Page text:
Director: Frank De Palma
Writer: Mark Durand
Cast: Vic Tayback, Chris Hebert, Kelly Jean Peters, Paul Jenkins, Billy Jacoby, Jon Jacobs, and Paul Sparer
Composer: None (Stock Music)
Air Date: 9/30/1984
Having overcome his alcohol addiction, Alan Coombs (Vic Tayback) is greeted by Jerry (Chris Hebert)—a mysterious boy claiming to be Alan’s son. Maintaining that he does not have a son named Jerry, Alan proceeds to drop off the young child at a local police station—much to the chagrin of Alan’s wife Sharon (Kelly Jean Peters), who insists that Jerry is in fact a member of the family.
“The New Man” employs the alcoholic parent trope in conjunction with themes of an ominous implication. Tales from the Darkside fans may nevertheless wish to avoid this episode, which makes incoherent use of a clever and foreboding premise.
When confronted with a child not his own, Alan responds to his unsympathetic wife with displays of anger, confusion, and desperation—all of which work to evoke pity for the protagonist preceding his eventual relapse. In contrast to the ranting and raving of Vic Tayback, child actor Chris Hebert embodied a subtle, taunting calmness that makes credible Jerry’s ability to infuriate Alan without overt provocation (a ridiculous evil grin from Jerry may, however, elicit snickering as opposed to fear or contempt).
Though potentially disturbing, the concept of a man forgetting his own son is never explored to a satisfactory conclusion. On one hand, audiences are given reason to consider that Jerry had existed all along despite Alan’s fervent claims to the contrary—a scenario that, while initially plausible, fails to account for Jerry’s second “father” in the final scene. Jerry’s addition to the Coombs family could also be attributed to phenomena of the paranormal variety (e.g. a malevolent imposter from another dimension, a rift in Alan’s original timeline, etc.); however, such an explanation would seem to downplay the relevance of alcoholism as a central plot device.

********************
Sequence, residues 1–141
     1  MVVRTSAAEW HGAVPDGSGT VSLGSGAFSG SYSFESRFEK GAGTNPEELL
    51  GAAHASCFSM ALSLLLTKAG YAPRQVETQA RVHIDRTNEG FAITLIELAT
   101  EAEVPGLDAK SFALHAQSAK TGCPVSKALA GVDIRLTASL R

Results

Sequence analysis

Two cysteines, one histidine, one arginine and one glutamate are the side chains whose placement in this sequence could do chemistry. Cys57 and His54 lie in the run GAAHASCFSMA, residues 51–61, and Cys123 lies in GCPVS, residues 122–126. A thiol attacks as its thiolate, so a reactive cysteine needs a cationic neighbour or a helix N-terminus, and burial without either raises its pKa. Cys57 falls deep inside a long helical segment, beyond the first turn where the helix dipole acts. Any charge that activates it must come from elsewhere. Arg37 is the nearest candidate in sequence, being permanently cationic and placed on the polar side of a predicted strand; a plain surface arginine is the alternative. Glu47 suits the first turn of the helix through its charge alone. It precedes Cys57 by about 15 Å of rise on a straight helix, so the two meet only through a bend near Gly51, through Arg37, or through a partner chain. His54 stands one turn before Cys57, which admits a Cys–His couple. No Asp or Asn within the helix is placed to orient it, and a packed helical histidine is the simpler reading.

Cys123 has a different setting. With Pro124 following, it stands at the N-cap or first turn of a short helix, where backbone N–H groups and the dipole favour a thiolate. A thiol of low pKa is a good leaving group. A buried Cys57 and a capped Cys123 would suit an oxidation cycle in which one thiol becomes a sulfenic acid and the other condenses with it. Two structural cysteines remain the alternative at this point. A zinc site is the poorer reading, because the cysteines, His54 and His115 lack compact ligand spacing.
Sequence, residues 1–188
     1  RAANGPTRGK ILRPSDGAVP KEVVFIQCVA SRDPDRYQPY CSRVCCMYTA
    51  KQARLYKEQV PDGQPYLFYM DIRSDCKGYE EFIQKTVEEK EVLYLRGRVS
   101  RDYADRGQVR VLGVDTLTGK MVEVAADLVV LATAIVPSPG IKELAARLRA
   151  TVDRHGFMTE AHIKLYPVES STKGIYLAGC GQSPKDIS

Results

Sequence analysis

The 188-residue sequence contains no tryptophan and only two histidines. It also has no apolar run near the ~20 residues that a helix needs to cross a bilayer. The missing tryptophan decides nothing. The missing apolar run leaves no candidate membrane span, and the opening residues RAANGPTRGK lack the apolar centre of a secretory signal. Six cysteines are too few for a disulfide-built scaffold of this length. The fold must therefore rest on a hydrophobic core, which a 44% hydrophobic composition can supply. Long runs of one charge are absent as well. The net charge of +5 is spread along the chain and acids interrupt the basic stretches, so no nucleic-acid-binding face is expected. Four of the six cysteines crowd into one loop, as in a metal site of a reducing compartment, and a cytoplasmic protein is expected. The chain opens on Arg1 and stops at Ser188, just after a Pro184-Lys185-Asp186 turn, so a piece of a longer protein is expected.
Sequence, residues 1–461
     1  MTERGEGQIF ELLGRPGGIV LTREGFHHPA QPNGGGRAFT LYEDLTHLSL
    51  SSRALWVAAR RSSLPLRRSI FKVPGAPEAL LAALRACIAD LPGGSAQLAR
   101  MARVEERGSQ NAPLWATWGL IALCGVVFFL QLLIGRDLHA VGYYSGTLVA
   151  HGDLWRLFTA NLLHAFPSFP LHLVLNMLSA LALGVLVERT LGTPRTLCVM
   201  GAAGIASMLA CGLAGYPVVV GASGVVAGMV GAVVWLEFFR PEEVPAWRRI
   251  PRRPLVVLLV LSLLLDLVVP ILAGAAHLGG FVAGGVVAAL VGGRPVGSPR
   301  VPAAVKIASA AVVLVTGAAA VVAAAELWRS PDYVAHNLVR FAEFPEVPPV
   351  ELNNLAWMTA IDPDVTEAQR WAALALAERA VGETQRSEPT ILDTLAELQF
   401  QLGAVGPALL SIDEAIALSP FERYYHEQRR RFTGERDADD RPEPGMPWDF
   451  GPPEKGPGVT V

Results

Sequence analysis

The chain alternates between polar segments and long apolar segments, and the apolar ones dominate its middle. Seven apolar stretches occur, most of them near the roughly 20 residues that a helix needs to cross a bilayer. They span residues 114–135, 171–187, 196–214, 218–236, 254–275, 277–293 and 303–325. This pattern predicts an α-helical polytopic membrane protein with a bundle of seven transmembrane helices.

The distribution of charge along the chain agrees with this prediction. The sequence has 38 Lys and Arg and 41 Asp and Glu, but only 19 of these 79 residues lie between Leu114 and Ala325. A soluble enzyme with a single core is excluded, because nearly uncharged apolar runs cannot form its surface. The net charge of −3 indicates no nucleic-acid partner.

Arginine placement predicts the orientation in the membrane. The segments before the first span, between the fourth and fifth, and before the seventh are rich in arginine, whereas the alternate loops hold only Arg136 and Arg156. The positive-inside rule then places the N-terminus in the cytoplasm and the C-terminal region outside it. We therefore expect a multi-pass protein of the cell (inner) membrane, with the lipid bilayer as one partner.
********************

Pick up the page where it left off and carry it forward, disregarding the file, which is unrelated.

“The New Man” offers a commentary on the destructive nature of substance addiction, especially where the family unit is concerned. That being said, an air of ambiguity surrounding Alan’s predicament leaves open the possibility that inexplicable circumstances, not excessive alcohol consumption, may be responsible for the Jerry confusion—a fact that greatly muddles the core thesis of an already disjointed narrative.
An intriguing but deeply flawed episode, “The New Man” lacks the necessary focus for a serious examination of its own subject matter (i.e. allusions to parental abandonment, binge drinking, and verbal abuse directed at one’s family). Certain viewers may nonetheless appreciate this entry, which contains a convincingly tragic performance from Tayback.
Overall Quality: 4/10
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